Why Are We Not Talking About The Biodiversity Crisis?
Despite its importance, it doesn’t get the attention it rightfully deserves
I expect that most of you have read the staggering headlines about mass extinctions in the last few years. If not, here are a few below:
“One million species at risk of extinction, UN report warns”
“The sixth mass extinction is happening faster than expected. Scientists say it’s our fault”
“40% of world’s plant species at risk of extinction”
Although these headlines are clickbait-y and do not paint a perfectly accurate picture, there is truth behind the words.
It is true that we are currently undergoing our sixth mass extinction, one that is accelerated by human activity. Arguably, our current-day crisis started when we lost the Pleistocene megafauna during the Quaternary extinctions. Even back then, these extinctions are said to have been partly caused by overhunting by humans.
As we continue to repeat this legacy of exploitation of our natural resources, we don’t talk about biodiversity enough.
The biodiversity crisis does not get the attention it so desperately deserves. While climate change dominates the front pages of our media outlets, biodiversity loss takes a backseat to its more charismatic sibling. In fact, many people do not realize how interconnected these crises are, and both deserve their time in the spotlight.
However, why are conversations about biodiversity loss non-existent in our everyday lives? I’ve outlined 3 main reasons below.
People do not know what the word biodiversity means
Quite simply put, the everyday person does not understand the word biodiversity. The most common remark I get from people when I tell them I study biodiversity is, “huh, what’s that?”
The term biodiversity is a combination of two words: “biological” and “diversity”. The Convention on Biological Diversity (CBD) describes it as:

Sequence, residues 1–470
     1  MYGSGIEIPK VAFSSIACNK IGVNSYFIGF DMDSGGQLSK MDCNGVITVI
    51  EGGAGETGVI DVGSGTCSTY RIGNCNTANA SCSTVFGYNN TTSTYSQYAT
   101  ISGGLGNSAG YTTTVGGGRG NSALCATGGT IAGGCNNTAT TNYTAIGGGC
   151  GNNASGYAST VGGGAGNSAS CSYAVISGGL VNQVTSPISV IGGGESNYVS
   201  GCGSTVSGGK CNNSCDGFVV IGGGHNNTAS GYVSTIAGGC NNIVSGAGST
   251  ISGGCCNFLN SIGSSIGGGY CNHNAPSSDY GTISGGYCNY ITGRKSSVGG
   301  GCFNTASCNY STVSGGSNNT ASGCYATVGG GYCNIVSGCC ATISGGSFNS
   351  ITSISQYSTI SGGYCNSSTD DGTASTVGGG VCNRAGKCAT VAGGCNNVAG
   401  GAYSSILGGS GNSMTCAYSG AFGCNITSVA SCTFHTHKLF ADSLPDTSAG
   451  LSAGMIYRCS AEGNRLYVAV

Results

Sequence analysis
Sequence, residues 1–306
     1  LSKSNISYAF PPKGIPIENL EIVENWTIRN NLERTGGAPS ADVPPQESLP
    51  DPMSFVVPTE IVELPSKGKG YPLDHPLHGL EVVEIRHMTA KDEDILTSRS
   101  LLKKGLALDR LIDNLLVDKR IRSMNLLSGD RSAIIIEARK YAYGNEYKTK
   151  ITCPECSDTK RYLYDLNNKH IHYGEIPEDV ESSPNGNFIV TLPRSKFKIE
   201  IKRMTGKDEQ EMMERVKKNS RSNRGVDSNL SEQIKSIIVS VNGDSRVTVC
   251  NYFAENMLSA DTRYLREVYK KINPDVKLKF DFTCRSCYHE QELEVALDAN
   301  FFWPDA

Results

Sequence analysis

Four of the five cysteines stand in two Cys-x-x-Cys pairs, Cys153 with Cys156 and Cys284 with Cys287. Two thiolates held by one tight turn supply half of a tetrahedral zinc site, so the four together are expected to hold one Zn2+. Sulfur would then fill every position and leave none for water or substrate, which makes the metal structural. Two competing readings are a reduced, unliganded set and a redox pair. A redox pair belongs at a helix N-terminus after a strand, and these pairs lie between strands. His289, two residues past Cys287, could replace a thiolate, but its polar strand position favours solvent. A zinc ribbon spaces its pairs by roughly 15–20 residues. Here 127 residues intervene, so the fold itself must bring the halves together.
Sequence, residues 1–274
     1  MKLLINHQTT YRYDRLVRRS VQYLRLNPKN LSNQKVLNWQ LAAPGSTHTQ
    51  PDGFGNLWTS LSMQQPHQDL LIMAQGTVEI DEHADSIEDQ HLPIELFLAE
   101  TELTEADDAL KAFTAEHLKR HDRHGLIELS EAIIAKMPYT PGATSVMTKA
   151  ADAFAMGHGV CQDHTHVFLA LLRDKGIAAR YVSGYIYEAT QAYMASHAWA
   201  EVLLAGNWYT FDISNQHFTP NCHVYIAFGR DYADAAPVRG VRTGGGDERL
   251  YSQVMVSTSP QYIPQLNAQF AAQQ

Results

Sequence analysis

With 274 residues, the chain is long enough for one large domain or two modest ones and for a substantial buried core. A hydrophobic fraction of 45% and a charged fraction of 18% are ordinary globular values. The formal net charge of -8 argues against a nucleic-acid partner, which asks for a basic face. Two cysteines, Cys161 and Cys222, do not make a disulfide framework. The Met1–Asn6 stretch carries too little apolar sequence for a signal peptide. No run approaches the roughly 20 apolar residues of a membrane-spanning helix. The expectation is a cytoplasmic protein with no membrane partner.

The variability among living organisms from all sources including, inter alia, terrestrial, marine and other aquatic ecosystems and the ecological complexes of which they are part: this includes diversity within species, between species and of ecosystems.
But as you can imagine, it’s much simpler just to tell people it’s essentially all living beings on this Earth.
When you do not know what a word means, it is hard to wrap your head around associated problems and possible solutions.
The biodiversity narrative is more complicated than climate change
When we think about climate change, the messaging is quite simple for most people to understand. By reducing greenhouse gas emissions, the overall temperature of our Earth decreases. To my climate scientists, I apologize for this oversimplification of the problem, but essentially this is the underlying goal in raising awareness about the issue.
The biodiversity crisis is not so simple. There are hundreds of different types of ecosystems and billions of interactions between organisms. Also not to mention the human dimensions to solving the biodiversity crisis, since a lot of solutions to biodiversity loss need to begin at a local scale.
The messaging behind the biodiversity crisis is not so neat compared to climate change. Even when I try to begin explaining what it is, my caveat always starts with, “well, biodiversity loss differs from place to place, but here’s my take of it in __________…”
Media coverage of biodiversity is lacking compared to climate change